If I could reverently sort of imagine the discussion between the Father and the Son before the foundation of the world, the Father says, “My Son, I love these enemies. I love these ungodly, rebellious, weak, human beings who have turned their back on Me, spurned Me, and preferred the world and the flesh and the devil over Me. And My justice demands that they be condemned. My justice demands it because I'm love but I'm holy. I'm holy love. And the only way for them back into communion with Me is through a substitute of infinite value.” And the Son says, “My Father, I’ll take their place because I want them to know Your love and I want Your love to be exalted in Your mercy because I know Your heart. I've fellowshipped with You from eternity. I want a multitude that no man can number, from every tribe, tongue, people, and nation to say, ‘Look at the love of the Father! Behold, what manner of love the Father has for us!’” And so the Father and the Son together begin this great expedition.

And then of course the Holy Spirit with all His infinite power applies the benefit of that work to all those who believe in the Lord Jesus Christ. It's not a picture of loving Jesus getting the angry God; it's Jesus, who is in the image of His Father, loving and holy, being our substitute because the loving and holy God will not let us go. He could have, you know, He could have. If all of us had been condemned it would have been just. There was nobody that could have stood up on the last day and said, “You are unfair!” Condemnation is the most fair doctrine that ever was. You want to complain about unfair? You’re going to have to complain about grace, you’re going to have to complain about heaven, you’re going to have to complain about forgiveness and acquittal. That's unfair. Condemnation, judgment? That's fair. It's what all of us deserve. And here's what Paul is saying. He's saying the cross demonstrates that about God's love. It demonstrates His commitment to His people in love that He would give His own Son. It demonstrates the Son's love in bearing the penalty that was due to us on the tree.

In one sentence Paul explodes this nonsense rejecting the glorious meaning and significance of the death of Christ in His penal substitutionary atonement. And you know what? We sing about this all the time. We’re going to sing about it in the very next hymn, “When I Survey the Wondrous Cross.” We’re going to sing about it in the last hymn, “Man of Sorrows! What a Name.” We sing about it whenever we take up Keith Getty and Stewart Townend's hymn, “The Power of the Cross.” Remember the words to the chorus of that modern hymn? “This the power, of the cross. Christ became sin for us. Took the blame, bore the wrath. We stand forgiven at the cross.” What is that? It's just a little summary of penal substitutionary atonement. By the way, Stewart Townend wrote those words in response to the denial of this truth that was becoming so pervasive in British evangelicalism. But he doesn't just stop there, does he? In every sentence of the rest of that song he unpacks the glory of that particular paragraph. “Oh to see the pain, written on You face, bearing the awesome weight of sin. Every bitter thought, every evil deed, crowing Your bloodstained brow. Oh to see my name, written in the wounds, for through Your suffering I am free. Death is crushed to death! Life is mine to live! Won through Your selfless love.” Penal substitutionary atonement. God shows His love for us in that while we were yet sinners Christ died for us. “This the power of the cross, Son of God slain for us. What a love! What a cost! We stand forgiven at the cross.”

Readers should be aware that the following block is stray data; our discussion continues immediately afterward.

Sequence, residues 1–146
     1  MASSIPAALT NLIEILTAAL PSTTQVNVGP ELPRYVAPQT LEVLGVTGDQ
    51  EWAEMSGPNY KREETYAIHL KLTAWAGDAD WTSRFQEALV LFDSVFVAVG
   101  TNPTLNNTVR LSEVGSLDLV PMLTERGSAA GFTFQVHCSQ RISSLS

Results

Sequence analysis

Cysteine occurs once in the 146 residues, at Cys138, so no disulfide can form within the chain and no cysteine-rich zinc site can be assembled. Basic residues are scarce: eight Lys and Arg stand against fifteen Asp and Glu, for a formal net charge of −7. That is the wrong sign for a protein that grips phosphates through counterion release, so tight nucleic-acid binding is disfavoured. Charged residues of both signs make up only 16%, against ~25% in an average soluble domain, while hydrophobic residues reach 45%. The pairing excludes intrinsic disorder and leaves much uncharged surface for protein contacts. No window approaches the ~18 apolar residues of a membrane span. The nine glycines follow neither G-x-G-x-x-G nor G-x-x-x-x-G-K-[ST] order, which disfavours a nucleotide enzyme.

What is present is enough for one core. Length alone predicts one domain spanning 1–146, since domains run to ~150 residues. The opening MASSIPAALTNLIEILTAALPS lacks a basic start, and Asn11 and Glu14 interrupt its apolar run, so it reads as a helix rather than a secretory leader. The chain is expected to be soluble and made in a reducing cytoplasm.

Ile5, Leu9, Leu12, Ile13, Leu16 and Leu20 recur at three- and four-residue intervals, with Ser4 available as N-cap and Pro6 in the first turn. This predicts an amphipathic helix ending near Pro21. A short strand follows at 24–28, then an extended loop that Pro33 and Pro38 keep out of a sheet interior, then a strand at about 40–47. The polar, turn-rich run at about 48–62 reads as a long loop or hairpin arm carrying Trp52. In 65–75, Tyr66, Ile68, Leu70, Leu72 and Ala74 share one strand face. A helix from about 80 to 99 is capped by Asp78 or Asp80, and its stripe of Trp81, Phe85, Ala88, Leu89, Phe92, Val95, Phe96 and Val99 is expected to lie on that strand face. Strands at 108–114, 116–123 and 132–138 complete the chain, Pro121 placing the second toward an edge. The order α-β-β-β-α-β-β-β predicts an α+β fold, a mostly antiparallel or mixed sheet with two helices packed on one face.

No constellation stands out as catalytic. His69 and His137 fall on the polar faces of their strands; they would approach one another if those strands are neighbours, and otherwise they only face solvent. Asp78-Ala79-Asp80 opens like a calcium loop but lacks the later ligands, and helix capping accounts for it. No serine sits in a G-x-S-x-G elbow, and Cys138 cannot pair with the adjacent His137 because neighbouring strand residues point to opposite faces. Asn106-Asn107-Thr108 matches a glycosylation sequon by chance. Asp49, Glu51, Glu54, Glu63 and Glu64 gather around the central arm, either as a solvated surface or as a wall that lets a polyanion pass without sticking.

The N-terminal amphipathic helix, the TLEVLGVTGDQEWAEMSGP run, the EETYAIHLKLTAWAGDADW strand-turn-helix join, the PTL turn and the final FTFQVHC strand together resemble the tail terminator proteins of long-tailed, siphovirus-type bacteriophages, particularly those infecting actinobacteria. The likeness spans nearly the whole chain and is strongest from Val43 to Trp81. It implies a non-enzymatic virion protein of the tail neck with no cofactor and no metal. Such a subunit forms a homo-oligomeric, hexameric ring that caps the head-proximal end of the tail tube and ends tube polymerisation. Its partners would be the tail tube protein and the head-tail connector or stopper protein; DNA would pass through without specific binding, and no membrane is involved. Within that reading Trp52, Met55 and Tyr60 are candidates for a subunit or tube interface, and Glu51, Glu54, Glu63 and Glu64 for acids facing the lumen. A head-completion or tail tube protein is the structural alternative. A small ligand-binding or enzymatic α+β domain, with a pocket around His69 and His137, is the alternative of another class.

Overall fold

And that's the only way we come to this table, through the cross. That cross demonstrates the love of God which is in Christ Jesus. That cross accomplishes the purpose of the love of God for us and in us. At that cross Jesus bears our sin and we are accepted in the Beloved so that we may experience a life and a blessing that we do not deserve because He died a death that we did deserve. And we may experience a life that we have not earned because He lived a life that we could not live. God shows His love for us in that while we were still sinners Christ died for us. Let's pray.

Heavenly Father, as we come to the table today grant that we would come very deliberately understanding that nothing in our hands we bring; simply to Your cross we cling. We ask this in the name of Christ by the power of Your Holy Spirit. Amen.

Now let's sing as we prepare to come to the Lord's Table. Take your hymnals in hand and turn with me to number 252, “When I Survey the Wondrous Cross.”

After the benediction we’ll sing together in response, “Spirit of the Living God.” The words are in your bulletin. Receive now God's blessing. The grace of the Lord Jesus Christ and the love of God our Father and the communion of the Holy Spirit be with you all both now and forevermore. Amen.